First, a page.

The Storyteller's Daughter: One Woman's Return to Her Lost Homeland

The Storyteller's Daughter: One Woman's Return to Her Lost Homeland

by Saira Shah

Saira Shah is the English-born daughter of an Afghan aristocrat, inspired by his dazzling stories to rediscover the now lost life their forebears presided over for nine hundred years within sight of the minarets and lush gardens of Kabul and the snow-topped mountains of the Hindu Kush.

Discovering her extended family, discovering a world of intense family ritual, of community, of male primacy, of arranged marriages, and finding at last the now war-ravaged family seat, she discovers as well what she wants and what she rejects of her extraordinary heritage.About the Author: Saira Shah lives in London and is a freelance journalist.

She was born in Britain of an Afghan family, the daughter of Idries Shah, a writer of Sufi fables.

She first visited Afghanistan at age twenty-one and worked there for three years as a freelance journalist, covering the guerilla war against the Soviet occupiers.

  • Language: English
  • Category: Nonfiction
  • Rating: 3.83
  • Pages: 272
  • Publish Date: October 12th 2004 by Anchor
  • Isbn10: 1400031478
  • Isbn13: 9781400031474

What People Think about "The Storyteller's Daughter: One Woman's Return to Her Lost Homeland"

To try and resolve this conflict she went to Afghanistan at the time of the Soviet invasion and was propelled into the world of the mujahidin. This book will speak not only to the many people who admire the Afghan people and pity their ordeals, but to those like Saira Shah who owe allegiance to two cultures more and more of them now in the world. Saira Shah shares her memories of discovering the country of her parents when she becomes a journalist and travel to Pakistan and Afghanistan to find her father's paradise. She grew up with the old stories he shared and his nostalgia of a life before politics and international warfare in these countries destroyed everything. Saira Shah shares her experience behind the documentary film she made and the challenges they had to endure to introduce the outside world to a region of the world where many people still haven't seen airplanes and where some groups live so remote, that they were, by the grace of God, not affected by the war. Afghanistan have become a country where murder, death, the ending of a life, left no room for conscience, regret or tears. Doris Lessing sums up this book perfectly: This is a remarkable and essential book about Afghanistan which succeeds in describing the people of that country men and also women their identities, hopes, fears, generosity and cruelties, all of which have too long been buried under the rubble of endless geopolitical clashes.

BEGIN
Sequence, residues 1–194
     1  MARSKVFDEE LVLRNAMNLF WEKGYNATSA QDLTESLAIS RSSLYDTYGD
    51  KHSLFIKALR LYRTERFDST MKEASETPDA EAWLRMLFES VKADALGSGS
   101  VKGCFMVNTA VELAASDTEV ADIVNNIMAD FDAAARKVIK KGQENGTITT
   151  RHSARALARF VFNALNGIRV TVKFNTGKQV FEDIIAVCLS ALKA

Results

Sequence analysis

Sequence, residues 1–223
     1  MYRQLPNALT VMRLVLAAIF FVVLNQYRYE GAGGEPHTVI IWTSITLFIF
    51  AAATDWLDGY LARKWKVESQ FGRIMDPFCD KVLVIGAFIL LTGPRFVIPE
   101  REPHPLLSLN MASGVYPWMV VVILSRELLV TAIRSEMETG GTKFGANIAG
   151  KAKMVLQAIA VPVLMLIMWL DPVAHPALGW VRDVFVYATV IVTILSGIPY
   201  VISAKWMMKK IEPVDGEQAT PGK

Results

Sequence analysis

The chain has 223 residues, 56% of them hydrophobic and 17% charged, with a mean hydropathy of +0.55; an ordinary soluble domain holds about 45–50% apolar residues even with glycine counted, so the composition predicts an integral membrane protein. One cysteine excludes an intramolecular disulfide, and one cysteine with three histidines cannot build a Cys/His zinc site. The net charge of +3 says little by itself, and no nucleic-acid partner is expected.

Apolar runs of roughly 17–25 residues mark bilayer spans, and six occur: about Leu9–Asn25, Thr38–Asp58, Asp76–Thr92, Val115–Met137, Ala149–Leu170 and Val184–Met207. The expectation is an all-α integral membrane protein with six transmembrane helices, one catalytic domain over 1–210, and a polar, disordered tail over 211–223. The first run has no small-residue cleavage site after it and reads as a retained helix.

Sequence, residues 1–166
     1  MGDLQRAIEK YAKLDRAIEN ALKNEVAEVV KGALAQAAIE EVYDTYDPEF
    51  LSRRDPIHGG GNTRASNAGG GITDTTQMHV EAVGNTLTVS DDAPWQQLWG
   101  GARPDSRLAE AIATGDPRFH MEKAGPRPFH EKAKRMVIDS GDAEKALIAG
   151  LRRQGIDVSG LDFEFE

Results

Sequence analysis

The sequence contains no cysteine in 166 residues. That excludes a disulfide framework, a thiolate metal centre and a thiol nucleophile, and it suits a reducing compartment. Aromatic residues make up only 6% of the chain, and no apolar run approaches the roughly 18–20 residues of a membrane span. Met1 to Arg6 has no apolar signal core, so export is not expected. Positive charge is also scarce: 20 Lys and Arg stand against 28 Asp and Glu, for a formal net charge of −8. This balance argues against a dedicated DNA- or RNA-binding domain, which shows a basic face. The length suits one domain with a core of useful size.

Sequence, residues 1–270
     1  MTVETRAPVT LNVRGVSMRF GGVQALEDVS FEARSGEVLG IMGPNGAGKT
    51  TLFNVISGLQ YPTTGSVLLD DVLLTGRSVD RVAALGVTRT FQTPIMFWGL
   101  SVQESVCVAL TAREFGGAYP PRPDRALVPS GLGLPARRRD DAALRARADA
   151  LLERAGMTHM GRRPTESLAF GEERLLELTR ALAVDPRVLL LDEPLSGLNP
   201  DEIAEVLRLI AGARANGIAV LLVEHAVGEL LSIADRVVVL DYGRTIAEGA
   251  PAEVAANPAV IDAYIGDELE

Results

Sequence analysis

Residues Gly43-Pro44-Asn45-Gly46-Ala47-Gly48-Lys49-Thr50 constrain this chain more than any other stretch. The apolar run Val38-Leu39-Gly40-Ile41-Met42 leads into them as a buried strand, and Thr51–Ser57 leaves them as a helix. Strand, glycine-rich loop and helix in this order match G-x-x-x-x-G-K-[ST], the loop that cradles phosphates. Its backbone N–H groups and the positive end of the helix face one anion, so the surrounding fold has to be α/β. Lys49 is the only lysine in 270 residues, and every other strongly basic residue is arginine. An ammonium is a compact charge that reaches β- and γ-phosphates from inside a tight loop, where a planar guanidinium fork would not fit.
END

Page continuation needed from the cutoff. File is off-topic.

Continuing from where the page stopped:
The author's struggle wih her own Afghan identity is a very important part of the book.

There is not likely to be a better one about Afghanistan'.

Then, at the end of the book, she compared her childhood in Kent, England, to that of three young Afghani girls who had been raped by the Taliban after seeing their mother murdered in front of them. It probably has more to do with the fact that their countrymen are being murdered, their family has been destroyed, and they are starving to death." I know she was there to chronicle the disaster, a very worthy and necessary cause, but she was there for decades, put a lot of people's lives in danger in her attempts to enter Afghanistan and cover the war, and she only made one weak attempt to help anyone.

She was fortunate to have had the opportunity to visit Afghanistan as a young girl and experience the land firsthand, including the unexplainable pull that country had on her.

Shah is heartbreaking on what she could not do, not finding the lovely, peaceful Afghanistan of her family lore in violent ruin and failing to help even the subjects of a documentary she filmed. There are many tragedies in this book, but perhaps the greatest is Shah's perception that the way of Abdul Haq is gone, that there is a generation of people who grew up during these violent decades and have lost everything but the one thing they know how to do, which is to make war.

I love this: "For the first time in my life I was nufus-dar, the Afghan term that means literally 'having people' - but which conveys a sense of safety and belonging. The other funny thing to me about that is that the word "nufus" is also about people in Turkish.

It actually took me about 80-100 pages to realize that this wasn't going to turn into the book I thought it was and did some googling to verify the mistake.

From her first visit at seventeen, she was hooked, even though the reality of Afghanistan she found as a journalist was very different from the beautiful dream she chased. Embedding herself with the mujahidin who fought the invading Soviet troops, she climbed frozen mountains and dodged bullets, a lone woman dressed as a man, watching warriors die in front of her eyes.